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Bowing out with glory

by: Garry Schofield, November 25, 2013, 3:59 pm

Garry Schofield

Garry Schofield

Heartbreaking.

There’s no other word that can describe England’s late defeat to New Zealand on Saturday afternoon at Wembley.

A World Cup campaign which looked like it was never going to get going came gloriously to life as we had the World Champions on the ropes for most of an amazing semi-final, only for it to come unstuck right at the death.

England and Great Britain have suffered a lot of last-minute defeats in the modern era, but none have hurt like that.

Shaun Johnson’s try and goal produced a horrible gut-wrenching feeling that I suspect British fans haven’t felt since Old Trafford in 1990 or Wembley in 1992.

There were positives all over the field, not least Sam Burgess’s performance, which I believe should see him confirmed as this year’s Golden Boot winner.

But for all those positives, the bottom line is we will not be competing in the World Cup Final.

And let’s not blame anybody for that. Most of the players were first class and the coach, Steve McNamara, deserves enormous credit for bringing in Gareth Widdop, who had an excellent game.

We can point to a few incidents in the final ten minutes when wrong options were taken or when mistakes were made, but that was simply down to the fact that Super League rarely provides that sort of pressure football.

The NRL does; and despite being outclassed, the Kiwis coped better in those frantic closing stages.

But back to England, and this particular set of players. Unlike after the terrible semi-final defeats in 2000 and 2008, we really do now have something to build upon.

When you look at men like Sam Burgess, James Graham, Ryan Hall, Kallum Watkins, Chris Hill and George Burgess, you can see them lifting a World Cup one day.

The important thing is to ensure that the old guard do not hang around for too long, which has happened too much in the past.

Kevin Sinfield had a superb game on Saturday, but this should be it for him at Test level. He admitted he won’t play in another World Cup, so why not retire now?

I also think that Rob Burrow, Ben Westwood, James Roby and Sean O’Loughlin should concentrate now on the end of their club careers. That’s not any criticism of their current level of performance – it should be obvious by now how much I rate O’Loughlin – but it the phrase “building for the next World Cup” is to mean anything, then we need to find more Chris Hills and get them in there.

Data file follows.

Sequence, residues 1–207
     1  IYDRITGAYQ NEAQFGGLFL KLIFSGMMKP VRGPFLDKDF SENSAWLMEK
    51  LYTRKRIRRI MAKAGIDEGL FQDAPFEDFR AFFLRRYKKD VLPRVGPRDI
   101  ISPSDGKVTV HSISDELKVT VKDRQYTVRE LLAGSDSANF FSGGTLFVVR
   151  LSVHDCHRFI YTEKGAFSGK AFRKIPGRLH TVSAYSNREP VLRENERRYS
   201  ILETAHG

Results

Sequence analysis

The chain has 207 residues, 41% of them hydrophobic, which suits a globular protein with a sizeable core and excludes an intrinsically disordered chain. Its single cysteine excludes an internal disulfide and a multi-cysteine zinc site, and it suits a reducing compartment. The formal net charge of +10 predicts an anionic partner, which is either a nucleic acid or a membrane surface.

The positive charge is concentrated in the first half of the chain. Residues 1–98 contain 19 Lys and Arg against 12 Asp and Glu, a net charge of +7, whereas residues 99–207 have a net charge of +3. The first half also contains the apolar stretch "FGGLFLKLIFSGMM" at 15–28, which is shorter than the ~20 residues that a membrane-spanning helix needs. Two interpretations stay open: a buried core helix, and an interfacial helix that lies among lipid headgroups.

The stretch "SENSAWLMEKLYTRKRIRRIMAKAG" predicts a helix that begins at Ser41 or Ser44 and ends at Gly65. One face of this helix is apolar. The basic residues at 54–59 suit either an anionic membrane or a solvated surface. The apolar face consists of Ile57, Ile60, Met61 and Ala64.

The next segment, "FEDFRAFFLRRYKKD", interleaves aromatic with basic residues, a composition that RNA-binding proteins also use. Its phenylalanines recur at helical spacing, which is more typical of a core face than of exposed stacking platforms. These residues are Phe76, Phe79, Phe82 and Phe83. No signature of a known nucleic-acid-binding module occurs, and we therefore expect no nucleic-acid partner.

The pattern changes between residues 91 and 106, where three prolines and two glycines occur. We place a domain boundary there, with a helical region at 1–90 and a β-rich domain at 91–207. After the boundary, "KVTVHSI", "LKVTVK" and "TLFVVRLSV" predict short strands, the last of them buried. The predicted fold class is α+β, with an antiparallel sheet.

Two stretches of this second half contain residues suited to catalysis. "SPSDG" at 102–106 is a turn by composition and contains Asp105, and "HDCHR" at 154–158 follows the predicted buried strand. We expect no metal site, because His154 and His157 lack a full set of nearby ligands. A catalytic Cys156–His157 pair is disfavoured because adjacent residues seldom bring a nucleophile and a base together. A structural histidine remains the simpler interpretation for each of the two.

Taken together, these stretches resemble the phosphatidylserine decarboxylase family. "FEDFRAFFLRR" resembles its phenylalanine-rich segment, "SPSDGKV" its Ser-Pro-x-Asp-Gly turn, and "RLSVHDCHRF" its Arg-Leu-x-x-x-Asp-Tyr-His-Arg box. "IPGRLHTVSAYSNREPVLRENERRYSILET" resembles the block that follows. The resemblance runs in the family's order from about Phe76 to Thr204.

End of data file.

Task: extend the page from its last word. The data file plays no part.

Rugby League is a young man’s game and Super League is awash – more so than ever before in its 17-history – with great young players, so let’s use the next couple of years to get these guys in there.

That has to be the number-one priority. The game’s attitudes towards its young players has been poor for too long, and coaches have appeared to look for reasons not to give top young talent a chance.

Other priorities should include: bringing back Great Britain, so we don’t miss out on players like Lee Briers in the future or see any more shambolic eligibility arguments involving a great player like Danny Brough. If England had had those two fellas over the last four or five years, we might have won something by now.

I accept that we should use the separate home nations in World Cup years. But in other tournaments it should be Great Britain once again.

Sam Burgess should be our next Test captain. He is an unbelievable player who delivered a truly stunning performance against the Kiwis. It has been a pleasure to watch Sam play over the last few years and he has so many good years ahead of him.

We need to get more players into the NRL. It’s no coincidence that the Kiwis have enjoyed a glorious era when they stopped picking players from Super League.

But we don’t just need forwards out there – it’s important to get backs playing in the NRL too. Hopefully Sam Tomkins will be the first of many. He certainly needs a change in direction, because over the last six months he has been a pale shadow of the player we know he can be.

And we need to pick the right type of halfbacks. The Rangi Chase experiment failed miserably, and most of us could see that halfway through the 2011 Four Nations. Scrum-halves and stand-offs who rely on individual talent have never made it at international level in the summer era, so let’s take that on board.

We should be looking to build a team around Widdop.

I haven’t said this too many times in the summer era, but the future does look quite rosy.

First published in League Express, Monday 25th Nov 2013

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